Appraisal of Donation After Circulatory Death: How Far Could We Expand the Heart Donor Pool?

Ann Thorac Surg. 2022 Sep;114(3):676-682. doi: 10.1016/j.athoracsur.2022.01.042. Epub 2022 Feb 17.


Background: the incidence of organ donation after circulatory death (DCD) is increasing; however, heart use has lagged behind other solid organs. Ex vivo perfusion devices are under United States Food and Drug Administration review for use in DCD heart recovery. This study sought to measure the potential increase in the donor pool if DCD heart donation becomes widely adopted.

Methods: DCD donor data were obtained from Organ Procurement and Transplantation Network database. Selection criteria included donor age 18 to 49 years, donors meeting Maastricht III criteria, warm ischemia time ≤30 minutes, and donation between 2015 and 2020. Exclusion criteria were coronary disease, prior myocardial infarction, ejection fraction <0.50, significant valve disease, bacteremia, pulmonary capillary wedge pressure >15 mm Hg, and history of HIV/hepatitis C virus infections.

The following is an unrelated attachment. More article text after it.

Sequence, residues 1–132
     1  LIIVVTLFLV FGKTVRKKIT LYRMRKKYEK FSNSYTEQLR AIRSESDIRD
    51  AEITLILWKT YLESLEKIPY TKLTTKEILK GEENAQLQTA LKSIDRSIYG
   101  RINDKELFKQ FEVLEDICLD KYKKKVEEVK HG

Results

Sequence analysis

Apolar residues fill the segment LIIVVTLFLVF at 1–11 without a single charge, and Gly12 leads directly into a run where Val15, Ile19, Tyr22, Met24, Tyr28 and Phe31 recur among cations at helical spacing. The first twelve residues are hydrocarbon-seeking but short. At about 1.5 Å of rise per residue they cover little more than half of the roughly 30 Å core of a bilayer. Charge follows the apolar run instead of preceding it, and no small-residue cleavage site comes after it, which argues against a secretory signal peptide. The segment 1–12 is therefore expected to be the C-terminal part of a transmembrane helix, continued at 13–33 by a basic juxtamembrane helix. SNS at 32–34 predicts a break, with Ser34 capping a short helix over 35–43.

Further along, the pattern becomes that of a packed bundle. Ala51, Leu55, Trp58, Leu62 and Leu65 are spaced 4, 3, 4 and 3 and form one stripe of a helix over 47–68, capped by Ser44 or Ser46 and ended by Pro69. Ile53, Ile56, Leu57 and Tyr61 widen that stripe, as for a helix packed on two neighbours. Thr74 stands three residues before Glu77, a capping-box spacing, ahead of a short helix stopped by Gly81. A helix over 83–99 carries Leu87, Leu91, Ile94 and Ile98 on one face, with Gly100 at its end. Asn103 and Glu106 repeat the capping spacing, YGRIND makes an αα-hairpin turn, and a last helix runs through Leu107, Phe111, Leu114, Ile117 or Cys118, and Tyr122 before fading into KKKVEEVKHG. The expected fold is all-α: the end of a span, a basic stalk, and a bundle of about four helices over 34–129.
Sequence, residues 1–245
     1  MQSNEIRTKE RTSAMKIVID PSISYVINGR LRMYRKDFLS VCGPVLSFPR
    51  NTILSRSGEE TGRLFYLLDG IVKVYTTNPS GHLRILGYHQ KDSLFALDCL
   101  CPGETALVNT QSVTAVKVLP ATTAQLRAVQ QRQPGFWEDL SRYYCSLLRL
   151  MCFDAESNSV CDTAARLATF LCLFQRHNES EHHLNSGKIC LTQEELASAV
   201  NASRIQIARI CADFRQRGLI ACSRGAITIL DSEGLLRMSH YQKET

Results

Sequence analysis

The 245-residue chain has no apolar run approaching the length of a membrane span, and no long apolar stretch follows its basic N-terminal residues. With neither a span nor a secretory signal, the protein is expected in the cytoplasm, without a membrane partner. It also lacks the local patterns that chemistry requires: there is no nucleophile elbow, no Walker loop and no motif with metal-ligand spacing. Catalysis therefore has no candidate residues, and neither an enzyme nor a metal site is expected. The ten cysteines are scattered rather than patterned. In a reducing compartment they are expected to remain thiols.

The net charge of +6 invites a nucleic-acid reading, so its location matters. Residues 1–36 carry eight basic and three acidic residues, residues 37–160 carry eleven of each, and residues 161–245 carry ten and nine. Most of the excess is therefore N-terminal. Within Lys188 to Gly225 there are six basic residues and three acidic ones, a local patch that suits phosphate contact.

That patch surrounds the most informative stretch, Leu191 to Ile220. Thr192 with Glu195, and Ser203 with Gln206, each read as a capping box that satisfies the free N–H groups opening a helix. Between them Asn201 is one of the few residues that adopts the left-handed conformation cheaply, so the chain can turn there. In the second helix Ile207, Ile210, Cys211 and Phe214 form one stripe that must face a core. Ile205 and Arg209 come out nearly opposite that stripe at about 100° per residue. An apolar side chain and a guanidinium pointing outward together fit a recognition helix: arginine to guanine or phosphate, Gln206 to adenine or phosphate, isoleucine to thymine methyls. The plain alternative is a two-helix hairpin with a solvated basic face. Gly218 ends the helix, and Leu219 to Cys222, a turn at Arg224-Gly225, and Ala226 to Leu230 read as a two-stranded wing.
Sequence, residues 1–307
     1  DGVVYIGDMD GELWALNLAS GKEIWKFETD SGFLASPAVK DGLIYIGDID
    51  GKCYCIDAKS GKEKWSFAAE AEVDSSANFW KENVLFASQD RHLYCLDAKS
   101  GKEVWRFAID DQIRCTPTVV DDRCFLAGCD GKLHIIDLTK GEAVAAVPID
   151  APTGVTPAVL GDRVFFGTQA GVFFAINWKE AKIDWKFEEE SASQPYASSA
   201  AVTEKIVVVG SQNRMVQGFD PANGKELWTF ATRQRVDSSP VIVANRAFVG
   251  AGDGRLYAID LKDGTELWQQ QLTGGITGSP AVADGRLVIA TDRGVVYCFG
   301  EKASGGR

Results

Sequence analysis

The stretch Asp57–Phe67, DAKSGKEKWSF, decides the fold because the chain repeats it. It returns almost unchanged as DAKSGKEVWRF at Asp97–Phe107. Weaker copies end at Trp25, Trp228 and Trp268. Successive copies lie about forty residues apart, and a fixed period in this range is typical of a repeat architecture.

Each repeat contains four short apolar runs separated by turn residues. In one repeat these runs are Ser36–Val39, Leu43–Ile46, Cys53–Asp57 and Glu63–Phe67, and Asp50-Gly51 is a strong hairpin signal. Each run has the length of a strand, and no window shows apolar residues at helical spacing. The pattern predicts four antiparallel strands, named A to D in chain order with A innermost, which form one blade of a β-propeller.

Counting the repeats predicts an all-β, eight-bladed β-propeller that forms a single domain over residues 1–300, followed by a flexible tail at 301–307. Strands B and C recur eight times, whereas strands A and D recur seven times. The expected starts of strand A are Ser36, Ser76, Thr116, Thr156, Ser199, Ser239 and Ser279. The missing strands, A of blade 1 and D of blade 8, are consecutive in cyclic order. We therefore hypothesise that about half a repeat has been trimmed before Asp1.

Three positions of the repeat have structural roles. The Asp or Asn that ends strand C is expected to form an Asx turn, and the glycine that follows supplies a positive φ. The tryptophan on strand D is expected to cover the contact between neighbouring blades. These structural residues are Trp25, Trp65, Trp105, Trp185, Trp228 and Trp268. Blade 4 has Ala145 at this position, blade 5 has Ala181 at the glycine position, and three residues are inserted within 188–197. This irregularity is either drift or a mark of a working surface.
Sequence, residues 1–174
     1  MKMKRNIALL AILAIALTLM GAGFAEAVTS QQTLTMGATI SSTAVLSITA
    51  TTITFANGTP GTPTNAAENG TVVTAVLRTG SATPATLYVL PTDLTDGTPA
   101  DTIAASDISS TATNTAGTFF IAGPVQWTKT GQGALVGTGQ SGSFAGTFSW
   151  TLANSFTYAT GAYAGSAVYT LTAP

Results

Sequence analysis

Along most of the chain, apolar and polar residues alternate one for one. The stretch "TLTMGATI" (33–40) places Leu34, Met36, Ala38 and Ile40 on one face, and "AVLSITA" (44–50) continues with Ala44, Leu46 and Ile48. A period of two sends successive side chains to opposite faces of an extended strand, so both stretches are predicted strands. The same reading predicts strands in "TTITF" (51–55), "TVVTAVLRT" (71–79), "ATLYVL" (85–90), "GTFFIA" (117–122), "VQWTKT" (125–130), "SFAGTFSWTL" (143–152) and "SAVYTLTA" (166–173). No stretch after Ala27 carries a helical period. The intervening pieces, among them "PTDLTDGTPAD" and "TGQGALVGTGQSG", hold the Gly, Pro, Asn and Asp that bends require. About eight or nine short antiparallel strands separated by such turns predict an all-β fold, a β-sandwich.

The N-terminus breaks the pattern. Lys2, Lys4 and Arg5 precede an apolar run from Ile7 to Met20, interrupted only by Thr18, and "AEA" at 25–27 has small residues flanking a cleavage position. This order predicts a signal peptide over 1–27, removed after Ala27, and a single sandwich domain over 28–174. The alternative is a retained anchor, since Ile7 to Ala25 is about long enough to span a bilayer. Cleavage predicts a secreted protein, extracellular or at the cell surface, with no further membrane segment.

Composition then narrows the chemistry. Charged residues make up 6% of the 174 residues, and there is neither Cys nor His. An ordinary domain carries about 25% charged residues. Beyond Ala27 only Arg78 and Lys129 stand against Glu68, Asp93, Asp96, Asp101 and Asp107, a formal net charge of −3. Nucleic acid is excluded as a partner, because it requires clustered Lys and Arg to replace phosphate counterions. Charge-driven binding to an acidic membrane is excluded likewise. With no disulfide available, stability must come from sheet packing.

Results: There were 12 813 DCD donors during this period, of which 3528 met study criteria, and 70 hearts (2%) were transplanted. The use of DCD hearts would represent an additional 48 heart transplants per month, which corresponds to a 21% (3458 of 16 521) increase across the country. Median warm ischemia was 23 minutes, with no difference between hearts that were or were not transplanted (23 vs 22.5 minutes, P = .97). The frequency with which other organs were successfully transplanted was kidney, 92%; liver, 44%; lung, 7%; intestine, 0%; and pancreas, 2%.

Conclusions: Wide adoption of DCD heart transplantation could yield a substantial increase in the donor pool size, with approximately 580 additional organs being available each year across the United States. This would represent the largest increase in the donor pool in the modern era of heart transplantation.

MeSH terms

  • Adolescent
  • Adult
  • Death
  • Heart
  • Heart Transplantation*
  • Humans
  • Middle Aged
  • Tissue Donors
  • Tissue and Organ Procurement*
  • Warm Ischemia
  • Young Adult